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Vol. LXII, No. 39
Wednesday, September 24, 2008
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Arts and Transit Designs Unveiled

Dilshanie Perera

“We believe exposure to the arts is vital,” said architect Steven Holl, citing poet Paul Muldoon in describing the intent behind his designs of the Lewis Center for the Arts during last Wednesday’s open house for Princeton University’s proposed Arts and Transit Neighborhood. The event was held in the new Paul Robeson Center for the Arts.

Aimed at the area located just south of the McCarter and Berlind Theaters, the Arts and Transit Neighborhood proposal plans to move the Dinky station 460 feet farther from town while incorporating it into a “21st century transit hub.” A number of arts amenities, including the Holl-designed Lewis Center, will be on the site, and the plans include the building footprints of a future satellite of the Princeton University Art Museum, which will house contemporary art as well as an experimental media studio.

“The arts and cultural landscape is already where campus and community intersect,” remarked University spokesperson Cass Cliatt. Neil Kittredge, a partner at Beyer Blinder Belle Architects and Planners, echoed her, making it clear that the University does not see the Arts and Transit Neighborhood as “an extension of the internalized setting of the campus,” but rather as “a gathering place and a crossroads.”

Seeing the space, which lies at the intersection of University Place and Alexander Road, as another “gateway into town,” Mr. Kittredge advocated thinking about the neighborhood as a new town square for Princeton, “analogous to Palmer Square and Hinds Plaza.”

The Arts and Transit Neighborhood is part of the University’s 10-year Campus Plan, and an initiative set forth by President Shirley Tilghman to enhance the life of the arts at the University. The open house showcased a scale model of the entire site, building plans and maps, and information about traffic in the area, and the environmental savvy of the Lewis Center. Members of the University, and architectural and planning teams were on hand to answer questions.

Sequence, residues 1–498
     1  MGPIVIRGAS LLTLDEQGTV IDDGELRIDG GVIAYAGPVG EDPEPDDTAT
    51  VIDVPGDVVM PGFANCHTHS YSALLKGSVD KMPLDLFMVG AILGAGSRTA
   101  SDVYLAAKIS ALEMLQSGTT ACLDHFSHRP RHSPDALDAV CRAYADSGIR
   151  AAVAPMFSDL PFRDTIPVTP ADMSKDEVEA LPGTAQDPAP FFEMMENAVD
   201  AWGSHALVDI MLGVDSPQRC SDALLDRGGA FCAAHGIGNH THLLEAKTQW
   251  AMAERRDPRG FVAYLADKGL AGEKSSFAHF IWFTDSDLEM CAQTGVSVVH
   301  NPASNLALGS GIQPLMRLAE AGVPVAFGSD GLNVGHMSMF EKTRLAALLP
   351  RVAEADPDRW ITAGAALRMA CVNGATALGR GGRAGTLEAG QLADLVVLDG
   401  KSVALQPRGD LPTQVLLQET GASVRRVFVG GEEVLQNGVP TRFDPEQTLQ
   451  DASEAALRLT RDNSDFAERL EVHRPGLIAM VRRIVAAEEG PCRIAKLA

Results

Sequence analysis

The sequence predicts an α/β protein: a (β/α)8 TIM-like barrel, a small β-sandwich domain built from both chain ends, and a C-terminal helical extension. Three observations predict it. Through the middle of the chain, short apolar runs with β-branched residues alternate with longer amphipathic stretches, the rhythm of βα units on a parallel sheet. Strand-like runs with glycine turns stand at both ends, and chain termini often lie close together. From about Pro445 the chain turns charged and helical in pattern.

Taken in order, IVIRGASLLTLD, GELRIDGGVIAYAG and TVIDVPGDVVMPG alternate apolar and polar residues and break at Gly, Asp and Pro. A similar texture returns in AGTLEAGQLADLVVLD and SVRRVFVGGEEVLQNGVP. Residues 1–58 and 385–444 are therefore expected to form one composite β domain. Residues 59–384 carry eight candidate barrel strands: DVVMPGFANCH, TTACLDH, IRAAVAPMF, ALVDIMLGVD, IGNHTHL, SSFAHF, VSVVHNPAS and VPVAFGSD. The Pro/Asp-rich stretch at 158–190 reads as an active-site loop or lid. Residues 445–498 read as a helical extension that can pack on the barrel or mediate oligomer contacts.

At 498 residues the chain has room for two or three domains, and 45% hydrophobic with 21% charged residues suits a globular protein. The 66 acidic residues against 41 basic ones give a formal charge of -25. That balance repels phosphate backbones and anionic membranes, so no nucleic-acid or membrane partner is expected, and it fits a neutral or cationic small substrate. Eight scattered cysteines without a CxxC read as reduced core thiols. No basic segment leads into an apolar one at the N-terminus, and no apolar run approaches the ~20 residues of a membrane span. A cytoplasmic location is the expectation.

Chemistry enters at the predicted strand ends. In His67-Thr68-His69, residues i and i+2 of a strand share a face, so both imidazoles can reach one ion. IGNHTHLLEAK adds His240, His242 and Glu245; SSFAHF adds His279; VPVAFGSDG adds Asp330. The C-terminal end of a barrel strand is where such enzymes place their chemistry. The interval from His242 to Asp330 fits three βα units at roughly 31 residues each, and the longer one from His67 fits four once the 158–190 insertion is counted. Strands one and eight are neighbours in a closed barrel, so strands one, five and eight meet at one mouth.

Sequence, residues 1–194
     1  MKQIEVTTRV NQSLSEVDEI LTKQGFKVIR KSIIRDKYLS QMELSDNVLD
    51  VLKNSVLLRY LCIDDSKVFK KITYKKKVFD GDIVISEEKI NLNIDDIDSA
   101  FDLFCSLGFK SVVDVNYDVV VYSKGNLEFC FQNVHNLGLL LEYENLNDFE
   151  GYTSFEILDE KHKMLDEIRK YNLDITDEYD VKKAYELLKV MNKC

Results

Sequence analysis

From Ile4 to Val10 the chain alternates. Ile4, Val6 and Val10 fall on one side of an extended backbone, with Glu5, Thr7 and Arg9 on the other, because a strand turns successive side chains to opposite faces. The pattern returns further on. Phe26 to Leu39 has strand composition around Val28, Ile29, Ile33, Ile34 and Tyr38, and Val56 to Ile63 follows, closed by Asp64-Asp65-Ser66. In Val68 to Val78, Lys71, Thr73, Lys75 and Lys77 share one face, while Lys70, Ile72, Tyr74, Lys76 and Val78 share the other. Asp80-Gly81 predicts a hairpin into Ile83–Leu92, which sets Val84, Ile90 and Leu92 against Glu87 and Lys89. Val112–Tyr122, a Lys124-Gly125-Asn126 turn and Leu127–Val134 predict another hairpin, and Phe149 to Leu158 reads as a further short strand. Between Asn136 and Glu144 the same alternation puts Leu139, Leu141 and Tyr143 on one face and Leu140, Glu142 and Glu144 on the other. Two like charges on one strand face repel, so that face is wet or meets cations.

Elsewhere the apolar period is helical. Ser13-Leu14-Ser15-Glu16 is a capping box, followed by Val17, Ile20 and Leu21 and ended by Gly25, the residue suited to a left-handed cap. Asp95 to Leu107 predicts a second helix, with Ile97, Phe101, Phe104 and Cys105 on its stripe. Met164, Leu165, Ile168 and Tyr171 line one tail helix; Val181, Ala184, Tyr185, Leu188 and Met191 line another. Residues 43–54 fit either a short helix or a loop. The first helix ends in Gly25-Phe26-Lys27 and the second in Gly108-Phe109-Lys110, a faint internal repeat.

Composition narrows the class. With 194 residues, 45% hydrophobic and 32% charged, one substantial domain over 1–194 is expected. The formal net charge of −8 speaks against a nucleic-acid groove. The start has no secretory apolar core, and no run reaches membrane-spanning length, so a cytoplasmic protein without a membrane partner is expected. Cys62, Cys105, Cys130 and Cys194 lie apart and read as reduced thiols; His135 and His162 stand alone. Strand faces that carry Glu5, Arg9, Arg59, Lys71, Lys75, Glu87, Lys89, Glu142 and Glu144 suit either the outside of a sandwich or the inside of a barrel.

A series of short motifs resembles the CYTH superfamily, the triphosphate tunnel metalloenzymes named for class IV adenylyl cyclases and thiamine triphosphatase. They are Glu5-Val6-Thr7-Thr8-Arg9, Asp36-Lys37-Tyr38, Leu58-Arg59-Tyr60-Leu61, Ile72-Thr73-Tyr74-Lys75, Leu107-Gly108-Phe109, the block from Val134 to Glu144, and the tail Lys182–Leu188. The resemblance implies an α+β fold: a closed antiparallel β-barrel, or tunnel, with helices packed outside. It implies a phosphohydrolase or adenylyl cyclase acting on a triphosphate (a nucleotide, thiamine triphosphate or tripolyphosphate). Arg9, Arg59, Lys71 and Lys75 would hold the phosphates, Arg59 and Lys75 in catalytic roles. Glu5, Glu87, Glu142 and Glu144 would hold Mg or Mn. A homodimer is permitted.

Though the Lewis Center for the Arts is still in its “concept design phase,” according to Noah Yaffe of Steven Holl Architects, the building is looking to “maximize the visibility of creative life.” It is designed so that passersby can catch glimpses of the process of art-making, since transparency and the Holl-coined phrase “maximum porosity” are key guiding principles of the architecture.

The family of buildings that comprise the Lewis Center will house theater and performance spaces, gallery spaces, classrooms, studios, and other amenities geared toward the visual and performing arts. The split-level structure will bring together the different spaces comprising the Center via an atrium that will have a reflecting pool as its ceiling to bring in natural light. Topside, the 89 by 89 foot pool will contain water (or ice) year-round. “There is something emotional about the possibility of that rectangle of water,” Mr. Holl said of the choice.